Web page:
5. More financial advisors, as well as gift planners, have become knowledgeable of the range of real estate gift structures and how they can be helpful in addressing the retirement planning, estate planning, and charitable objectives of the families they work with.

Real Estate Gifts: Why, and How, to Pursue Their Largely Untapped Potential in Difficult Economic Times

July 23, 2009

As the effects of the deteriorating economy ripple through development offices of non-profit organizations of all sizes and shapes, increasing attention is being paid to the potential of real estate gifts. This shift in attention is due to several factors:

  • With growing liquidity concerns in most households, cash gifts – current or deferred – are becoming harder and harder to come by. This is causing development professionals to turn more of their attention to the non-cash assets of their donors and prospects, particularly real estate assets.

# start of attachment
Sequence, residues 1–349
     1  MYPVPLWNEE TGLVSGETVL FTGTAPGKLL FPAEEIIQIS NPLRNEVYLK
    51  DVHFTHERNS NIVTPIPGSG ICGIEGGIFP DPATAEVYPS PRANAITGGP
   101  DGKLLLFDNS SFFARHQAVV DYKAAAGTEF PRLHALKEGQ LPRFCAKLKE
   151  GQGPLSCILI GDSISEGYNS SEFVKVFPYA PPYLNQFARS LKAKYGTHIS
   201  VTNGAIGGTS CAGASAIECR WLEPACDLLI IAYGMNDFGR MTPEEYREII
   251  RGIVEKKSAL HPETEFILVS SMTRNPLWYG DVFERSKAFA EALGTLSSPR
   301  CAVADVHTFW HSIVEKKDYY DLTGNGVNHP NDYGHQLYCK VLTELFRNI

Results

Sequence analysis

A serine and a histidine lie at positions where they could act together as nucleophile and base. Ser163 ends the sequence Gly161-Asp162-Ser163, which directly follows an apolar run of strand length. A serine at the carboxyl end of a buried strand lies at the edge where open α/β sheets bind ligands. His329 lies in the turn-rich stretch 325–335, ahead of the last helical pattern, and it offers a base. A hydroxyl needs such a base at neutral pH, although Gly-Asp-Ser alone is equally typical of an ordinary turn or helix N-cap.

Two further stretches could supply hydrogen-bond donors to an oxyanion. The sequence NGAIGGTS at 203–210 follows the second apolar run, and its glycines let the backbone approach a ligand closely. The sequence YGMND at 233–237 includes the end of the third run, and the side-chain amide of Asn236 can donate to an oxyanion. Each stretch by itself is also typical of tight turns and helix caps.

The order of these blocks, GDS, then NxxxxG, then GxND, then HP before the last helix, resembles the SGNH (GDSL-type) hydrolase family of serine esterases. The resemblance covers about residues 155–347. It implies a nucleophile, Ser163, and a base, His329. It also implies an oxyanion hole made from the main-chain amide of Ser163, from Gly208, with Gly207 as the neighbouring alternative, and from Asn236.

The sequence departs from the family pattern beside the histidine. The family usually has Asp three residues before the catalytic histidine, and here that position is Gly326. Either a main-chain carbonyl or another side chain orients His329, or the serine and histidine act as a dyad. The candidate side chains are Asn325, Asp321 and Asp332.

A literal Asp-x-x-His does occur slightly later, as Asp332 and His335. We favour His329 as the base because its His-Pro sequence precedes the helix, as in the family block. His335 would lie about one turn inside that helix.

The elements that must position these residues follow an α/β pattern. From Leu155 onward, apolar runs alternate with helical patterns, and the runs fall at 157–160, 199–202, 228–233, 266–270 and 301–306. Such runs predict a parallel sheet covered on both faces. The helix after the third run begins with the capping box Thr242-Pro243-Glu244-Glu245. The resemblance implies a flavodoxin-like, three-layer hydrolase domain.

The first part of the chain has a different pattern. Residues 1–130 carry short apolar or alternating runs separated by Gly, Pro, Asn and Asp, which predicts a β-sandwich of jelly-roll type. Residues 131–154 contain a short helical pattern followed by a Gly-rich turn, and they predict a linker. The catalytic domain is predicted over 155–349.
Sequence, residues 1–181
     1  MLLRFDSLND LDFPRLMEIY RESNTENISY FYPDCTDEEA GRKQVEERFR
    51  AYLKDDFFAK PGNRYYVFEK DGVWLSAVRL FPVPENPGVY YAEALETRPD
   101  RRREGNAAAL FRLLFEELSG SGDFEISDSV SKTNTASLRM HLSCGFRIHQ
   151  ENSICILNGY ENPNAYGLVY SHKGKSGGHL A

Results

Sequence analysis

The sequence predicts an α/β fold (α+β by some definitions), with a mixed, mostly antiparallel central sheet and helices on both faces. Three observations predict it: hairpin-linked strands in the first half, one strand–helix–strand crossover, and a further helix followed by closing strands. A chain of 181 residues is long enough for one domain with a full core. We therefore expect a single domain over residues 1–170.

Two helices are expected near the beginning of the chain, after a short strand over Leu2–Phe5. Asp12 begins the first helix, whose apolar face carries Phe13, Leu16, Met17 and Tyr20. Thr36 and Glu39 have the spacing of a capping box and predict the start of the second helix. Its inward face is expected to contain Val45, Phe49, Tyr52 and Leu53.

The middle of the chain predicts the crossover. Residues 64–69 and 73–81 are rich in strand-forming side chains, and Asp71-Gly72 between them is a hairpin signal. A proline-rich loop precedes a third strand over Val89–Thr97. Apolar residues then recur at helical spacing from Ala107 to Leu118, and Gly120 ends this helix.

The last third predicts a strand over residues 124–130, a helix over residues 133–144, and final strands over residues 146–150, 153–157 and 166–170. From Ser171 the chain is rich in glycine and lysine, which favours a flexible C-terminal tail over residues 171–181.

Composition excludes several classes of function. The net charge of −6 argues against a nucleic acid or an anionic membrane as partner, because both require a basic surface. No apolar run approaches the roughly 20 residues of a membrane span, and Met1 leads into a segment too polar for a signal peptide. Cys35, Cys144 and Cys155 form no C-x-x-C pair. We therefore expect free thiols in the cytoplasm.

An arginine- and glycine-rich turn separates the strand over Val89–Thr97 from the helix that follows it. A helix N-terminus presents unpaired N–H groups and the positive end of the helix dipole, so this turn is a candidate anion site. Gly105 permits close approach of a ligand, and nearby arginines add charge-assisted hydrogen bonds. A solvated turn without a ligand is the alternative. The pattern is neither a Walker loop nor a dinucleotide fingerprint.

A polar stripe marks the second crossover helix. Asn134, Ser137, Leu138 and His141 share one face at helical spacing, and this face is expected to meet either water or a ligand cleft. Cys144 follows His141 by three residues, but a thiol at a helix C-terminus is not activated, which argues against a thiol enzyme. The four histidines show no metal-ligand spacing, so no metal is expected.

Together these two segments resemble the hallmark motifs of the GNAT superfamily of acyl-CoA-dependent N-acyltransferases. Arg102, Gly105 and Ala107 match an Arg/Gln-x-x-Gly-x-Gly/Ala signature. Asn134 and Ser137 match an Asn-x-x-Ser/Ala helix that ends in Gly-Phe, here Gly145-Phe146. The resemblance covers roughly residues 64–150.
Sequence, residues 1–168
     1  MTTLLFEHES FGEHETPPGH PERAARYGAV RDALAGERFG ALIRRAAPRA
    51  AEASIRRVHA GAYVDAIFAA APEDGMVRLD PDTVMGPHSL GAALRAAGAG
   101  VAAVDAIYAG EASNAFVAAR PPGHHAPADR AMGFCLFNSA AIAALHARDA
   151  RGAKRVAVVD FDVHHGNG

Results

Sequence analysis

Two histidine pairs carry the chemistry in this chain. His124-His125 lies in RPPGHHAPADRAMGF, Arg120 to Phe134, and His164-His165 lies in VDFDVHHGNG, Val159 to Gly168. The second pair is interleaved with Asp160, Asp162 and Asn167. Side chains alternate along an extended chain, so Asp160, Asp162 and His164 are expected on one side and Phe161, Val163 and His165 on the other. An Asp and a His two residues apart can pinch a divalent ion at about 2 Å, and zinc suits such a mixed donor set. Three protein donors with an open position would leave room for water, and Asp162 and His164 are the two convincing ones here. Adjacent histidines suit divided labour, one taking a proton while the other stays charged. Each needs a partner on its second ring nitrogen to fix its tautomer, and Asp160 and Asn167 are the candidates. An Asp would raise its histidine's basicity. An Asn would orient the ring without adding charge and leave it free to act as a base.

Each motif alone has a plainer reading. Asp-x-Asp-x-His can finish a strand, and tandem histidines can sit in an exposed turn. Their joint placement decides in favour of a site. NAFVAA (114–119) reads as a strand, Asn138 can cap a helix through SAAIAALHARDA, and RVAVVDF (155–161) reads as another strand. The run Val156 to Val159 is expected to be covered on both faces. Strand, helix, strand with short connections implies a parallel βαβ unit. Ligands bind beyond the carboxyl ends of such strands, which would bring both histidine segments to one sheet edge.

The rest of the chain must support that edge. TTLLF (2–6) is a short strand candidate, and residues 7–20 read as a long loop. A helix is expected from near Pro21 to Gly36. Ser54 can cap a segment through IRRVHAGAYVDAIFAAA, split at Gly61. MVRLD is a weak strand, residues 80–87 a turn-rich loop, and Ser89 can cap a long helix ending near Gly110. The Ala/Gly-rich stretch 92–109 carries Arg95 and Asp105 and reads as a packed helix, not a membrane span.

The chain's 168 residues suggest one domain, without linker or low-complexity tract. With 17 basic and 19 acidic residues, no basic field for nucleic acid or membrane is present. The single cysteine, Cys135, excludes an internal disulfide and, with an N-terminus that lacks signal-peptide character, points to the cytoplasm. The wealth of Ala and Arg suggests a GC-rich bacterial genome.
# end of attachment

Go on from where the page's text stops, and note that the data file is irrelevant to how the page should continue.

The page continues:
• Real estate assets comprise over 35% of the assets of U.S. households. Yet only about 3% of charitable giving in recent years has come from real estate gifts. Development offices are increasingly recognizing the need to go where the wealth is – the largely untapped potential of real estate.
  • More attention is being paid to the experience of those non-profits that have consistently attracted large numbers of substantial real estate gifts. A survey conducted by the National Committee on Planned Giving, published in the Fall 2008 issue of The Journal of Gift Planning, reported that 13% of institutions responding received over 10% of their total contributions as real estate gifts over the previous three years, as measured in dollars.